refers to the philosophy of the German thinker Immanuel Kant (1724–1804). To say that something is Kantian — perhaps an ethical choice that you made — is to say that it aligns with the writings and beliefs of this important philosopher.
Kant's contributions to philosophy marked a great shift in how people thought of the world and how it worked. Two such contributions are the ideas of the autonomous will and the Categorical Imperative.
In his A Critique of Pure Reason, Kant tried to bridge the gap between the emipiricists, who believed that all true knowledge comes from experiences, and the rationalists, who believed that true knowledge comes from rational thought, regardless of experiences. In so doing, he stated that all rational wills — that is, all minds that were able to make choices based on reason — were autonomous, or capable of making their own choices. If all rational people are equally capable of making choices and deciding Right and Wrong, it therefore follows that all rational people are of equal value — king, commoner, and slave alike.
In Grounding for the Metaphysics of Morals, Kant sketched out his idea of the Categorical Imperative, a guideline by which any rational mind can decide between Right and Wrong. The Categorical Imperative states that the right moral choice is the one that could become a universal law without creating a logical fallacy.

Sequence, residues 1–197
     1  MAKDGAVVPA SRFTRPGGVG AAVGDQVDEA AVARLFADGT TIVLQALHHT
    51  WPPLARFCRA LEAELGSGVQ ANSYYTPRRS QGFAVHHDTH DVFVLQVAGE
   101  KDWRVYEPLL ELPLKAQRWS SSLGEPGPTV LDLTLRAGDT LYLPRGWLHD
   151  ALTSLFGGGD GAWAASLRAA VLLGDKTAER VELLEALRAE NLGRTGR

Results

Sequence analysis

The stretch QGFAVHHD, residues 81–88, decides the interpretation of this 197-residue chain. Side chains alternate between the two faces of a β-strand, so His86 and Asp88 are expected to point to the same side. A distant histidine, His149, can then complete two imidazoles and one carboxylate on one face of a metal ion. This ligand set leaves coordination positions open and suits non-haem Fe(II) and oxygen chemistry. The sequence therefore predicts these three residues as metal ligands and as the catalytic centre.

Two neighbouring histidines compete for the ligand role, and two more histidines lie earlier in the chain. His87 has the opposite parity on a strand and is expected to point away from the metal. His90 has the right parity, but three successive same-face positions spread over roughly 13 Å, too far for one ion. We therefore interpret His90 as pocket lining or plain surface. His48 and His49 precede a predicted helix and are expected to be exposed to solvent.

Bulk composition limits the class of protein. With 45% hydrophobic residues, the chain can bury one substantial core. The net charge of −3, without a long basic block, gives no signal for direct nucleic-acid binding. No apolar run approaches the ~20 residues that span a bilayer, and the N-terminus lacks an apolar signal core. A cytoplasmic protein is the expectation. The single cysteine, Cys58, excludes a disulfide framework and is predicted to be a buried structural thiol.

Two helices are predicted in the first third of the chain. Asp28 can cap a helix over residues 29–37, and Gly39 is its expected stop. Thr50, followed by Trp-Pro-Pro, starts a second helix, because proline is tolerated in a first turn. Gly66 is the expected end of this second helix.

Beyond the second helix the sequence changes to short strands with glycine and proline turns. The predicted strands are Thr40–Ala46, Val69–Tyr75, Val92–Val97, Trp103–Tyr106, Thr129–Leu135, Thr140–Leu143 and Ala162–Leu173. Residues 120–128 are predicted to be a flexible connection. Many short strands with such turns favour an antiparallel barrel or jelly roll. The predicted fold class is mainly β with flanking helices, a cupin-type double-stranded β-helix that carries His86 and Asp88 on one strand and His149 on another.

Put more simply, when you're faced with a moral choice and trying to decide which course of action to take, consider each action and ask yourself, "What if everybody did it this way?" This is the idea of universalizability: It can't be Right for you if it wouldn't be Right for everyone else in a similar situation.
Kant's writings had an immediate and lasting effect on Western philosophy, including the beliefs of the Founding Fathers of the United States. It's easy to see the Kantian philosophy underlying this famous sentence from the Declaration of Independence: "We hold these truths to be self-evident, that all men are created equal, that they are endowed by their Creator with certain unalienable Rights, that among these are Life, Liberty and the pursuit of Happiness." The ideas of equality, liberty, and the pursuit of happiness all stem from the Kantian philosophy that a rational mind, given any common situation, is capable of making a correct ethical choice and should be allowed to do so.